Leaders from the Black Student Union (BSU) and Students of Color Coalition (SOCC) sat in the front row of Pauling 216 Wednesday, waiting for the meeting about African and Ethnic Studies classes to begin.
The meeting had been hastily called by the Dean of Faculty Bryan Penprase and Vice President of Academic Affairs Ed Feasel, who both student groups claim have stonewalled their work to bring African and Ethnic Studies classes to Soka. Both the SOCC and BSU have been working to bring these classes to campus since February 2019, at first separately and then in collaboration.
Feasel announced by email Tuesday, November 5 that the meeting would take place the following day. In his email, Feasel wrote that the meeting was to address the “many inquiries about Ethnic Studies courses at SUA” that occurred after Dean of Students Hyon Moon sent an email to all students addressing a non-black student’s use of the n-word.
Over 100 students attended the meeting. But after Penprase listed what he claimed were his movements toward bringing more African and Ethnic Studies related speakers and classes to campus, most of the speaking was done by members of the SOCC and the BSU. The leaders of these groups were angered by administration’s sudden interest in discussing African and Ethnic Studies after months of feeling ignored.
Kristen Storms, co-founder of BSU and a leader in the push for African Studies said, addressing Penprase, “I think if this was an initiative [of the dean], then inquiry on your part should’ve happened. If that was inherently something SUA was already thinking about before student voices were raised,” Penprase would’ve been receptive once students began organizing, she said.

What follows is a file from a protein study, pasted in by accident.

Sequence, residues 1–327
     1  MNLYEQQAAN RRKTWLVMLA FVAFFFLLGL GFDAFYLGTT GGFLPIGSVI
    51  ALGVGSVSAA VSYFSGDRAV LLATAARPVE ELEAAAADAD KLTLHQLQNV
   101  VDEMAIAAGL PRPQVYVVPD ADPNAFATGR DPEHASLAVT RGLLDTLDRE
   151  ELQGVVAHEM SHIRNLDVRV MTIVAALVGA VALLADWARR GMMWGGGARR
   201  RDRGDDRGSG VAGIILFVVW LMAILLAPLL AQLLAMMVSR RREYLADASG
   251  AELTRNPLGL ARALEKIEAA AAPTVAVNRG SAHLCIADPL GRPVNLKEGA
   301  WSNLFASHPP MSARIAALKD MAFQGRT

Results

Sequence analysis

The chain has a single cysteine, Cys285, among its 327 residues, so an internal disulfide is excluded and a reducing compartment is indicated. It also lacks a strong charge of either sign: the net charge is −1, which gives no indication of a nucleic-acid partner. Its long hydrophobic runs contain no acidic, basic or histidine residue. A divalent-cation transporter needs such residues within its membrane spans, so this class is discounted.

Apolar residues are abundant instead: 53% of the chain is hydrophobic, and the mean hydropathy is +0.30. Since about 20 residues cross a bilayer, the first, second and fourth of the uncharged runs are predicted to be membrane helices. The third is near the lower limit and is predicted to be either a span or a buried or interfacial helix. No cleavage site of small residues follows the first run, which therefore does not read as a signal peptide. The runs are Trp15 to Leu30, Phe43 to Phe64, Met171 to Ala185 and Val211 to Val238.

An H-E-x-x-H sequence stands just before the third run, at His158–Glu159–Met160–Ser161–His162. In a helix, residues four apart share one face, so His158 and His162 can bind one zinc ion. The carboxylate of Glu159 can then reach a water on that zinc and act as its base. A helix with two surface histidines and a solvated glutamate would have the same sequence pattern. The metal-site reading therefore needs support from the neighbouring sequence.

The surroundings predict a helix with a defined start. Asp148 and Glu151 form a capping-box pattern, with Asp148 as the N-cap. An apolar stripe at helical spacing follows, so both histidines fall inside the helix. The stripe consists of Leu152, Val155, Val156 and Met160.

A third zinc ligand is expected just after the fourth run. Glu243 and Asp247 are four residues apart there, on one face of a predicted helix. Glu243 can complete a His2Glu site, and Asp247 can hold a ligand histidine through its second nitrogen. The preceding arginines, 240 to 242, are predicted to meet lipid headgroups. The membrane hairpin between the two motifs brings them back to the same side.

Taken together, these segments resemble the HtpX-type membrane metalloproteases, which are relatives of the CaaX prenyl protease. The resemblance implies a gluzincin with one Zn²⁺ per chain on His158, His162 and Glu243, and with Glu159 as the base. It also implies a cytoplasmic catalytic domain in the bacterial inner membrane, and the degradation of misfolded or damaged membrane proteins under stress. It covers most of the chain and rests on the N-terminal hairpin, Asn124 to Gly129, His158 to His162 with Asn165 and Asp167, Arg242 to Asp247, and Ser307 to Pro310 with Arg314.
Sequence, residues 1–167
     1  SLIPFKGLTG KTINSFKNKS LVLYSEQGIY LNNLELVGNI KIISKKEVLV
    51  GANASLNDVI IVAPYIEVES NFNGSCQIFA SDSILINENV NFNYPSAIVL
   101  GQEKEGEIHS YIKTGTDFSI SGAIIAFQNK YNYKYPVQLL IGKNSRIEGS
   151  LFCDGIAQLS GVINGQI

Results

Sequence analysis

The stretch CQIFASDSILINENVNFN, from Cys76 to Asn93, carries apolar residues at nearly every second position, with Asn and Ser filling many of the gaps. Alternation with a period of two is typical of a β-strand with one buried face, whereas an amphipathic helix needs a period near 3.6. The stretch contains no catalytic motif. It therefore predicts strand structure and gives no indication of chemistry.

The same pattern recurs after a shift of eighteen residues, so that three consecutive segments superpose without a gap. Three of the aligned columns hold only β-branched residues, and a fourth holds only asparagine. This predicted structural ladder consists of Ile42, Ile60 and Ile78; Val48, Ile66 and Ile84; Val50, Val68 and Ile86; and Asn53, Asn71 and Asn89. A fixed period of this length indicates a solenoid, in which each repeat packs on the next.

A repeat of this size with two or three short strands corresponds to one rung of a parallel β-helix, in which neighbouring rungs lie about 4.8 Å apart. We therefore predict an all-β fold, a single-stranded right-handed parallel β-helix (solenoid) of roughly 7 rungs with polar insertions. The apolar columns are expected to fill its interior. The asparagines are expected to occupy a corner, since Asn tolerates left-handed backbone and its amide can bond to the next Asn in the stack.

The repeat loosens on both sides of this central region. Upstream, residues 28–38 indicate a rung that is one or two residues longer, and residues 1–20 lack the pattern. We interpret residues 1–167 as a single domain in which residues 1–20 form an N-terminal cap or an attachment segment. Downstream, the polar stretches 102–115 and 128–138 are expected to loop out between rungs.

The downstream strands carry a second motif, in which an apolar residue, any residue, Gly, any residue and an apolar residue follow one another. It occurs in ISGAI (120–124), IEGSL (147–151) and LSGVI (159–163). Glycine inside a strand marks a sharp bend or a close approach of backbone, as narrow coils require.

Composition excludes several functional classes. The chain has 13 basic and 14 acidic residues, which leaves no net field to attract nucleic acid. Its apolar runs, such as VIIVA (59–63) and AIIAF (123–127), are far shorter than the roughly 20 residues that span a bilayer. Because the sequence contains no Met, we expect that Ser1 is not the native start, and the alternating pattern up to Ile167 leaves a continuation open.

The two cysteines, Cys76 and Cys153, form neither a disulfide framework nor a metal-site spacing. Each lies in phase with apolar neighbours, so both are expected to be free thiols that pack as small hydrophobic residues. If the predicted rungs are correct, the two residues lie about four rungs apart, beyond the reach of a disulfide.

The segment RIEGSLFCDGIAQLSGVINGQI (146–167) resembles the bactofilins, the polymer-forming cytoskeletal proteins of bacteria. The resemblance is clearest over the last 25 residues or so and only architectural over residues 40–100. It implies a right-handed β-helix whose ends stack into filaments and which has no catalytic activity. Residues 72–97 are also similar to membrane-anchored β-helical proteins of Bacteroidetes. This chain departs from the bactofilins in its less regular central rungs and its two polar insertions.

In response to criticism from students for not being more responsive to the requests for African and Ethnic studies as well as excluding students from the process of implementing those courses, Penprase emphasized the “faculty governance structure.”
“Ultimately you have to have faculty involved with championing these courses and bringing these things to us, because we have to rely on faculty to take charge of and ownership of our curriculum,” Penprase said. “That’s how our university is governed. So if there are faculty who have been working with you, they need to come forward with specific requests and we will support those. I have not heard those requests.”
Both students and faculty dispute the claim that faculty have not come to Penprase with the need for African and Ethnic Studies.
Christelle Inema, 2021, made a comment to Penprase and Feasel that the purpose of the meeting was not to engage with the student groups who had been organizing for months, but to gloss over the effort students had made toward improving their education. She said the administration’s response toward black students and students of color marginalized their voices.
“We’re here because we don’t have a place in this university, especially in academia,” Inema said. “You talk about the need for us to be validated by the faculty when we have mobilized, got together, started this effort. You are constantly saying, ‘You need faculty with you, you need someone to validate your existence.’ Do we, every day, have to have people validate us for us to be humans?”
Inema and other students criticized administration for waiting until non-black students requested information about African and Ethnic Studies before those requests were taken seriously.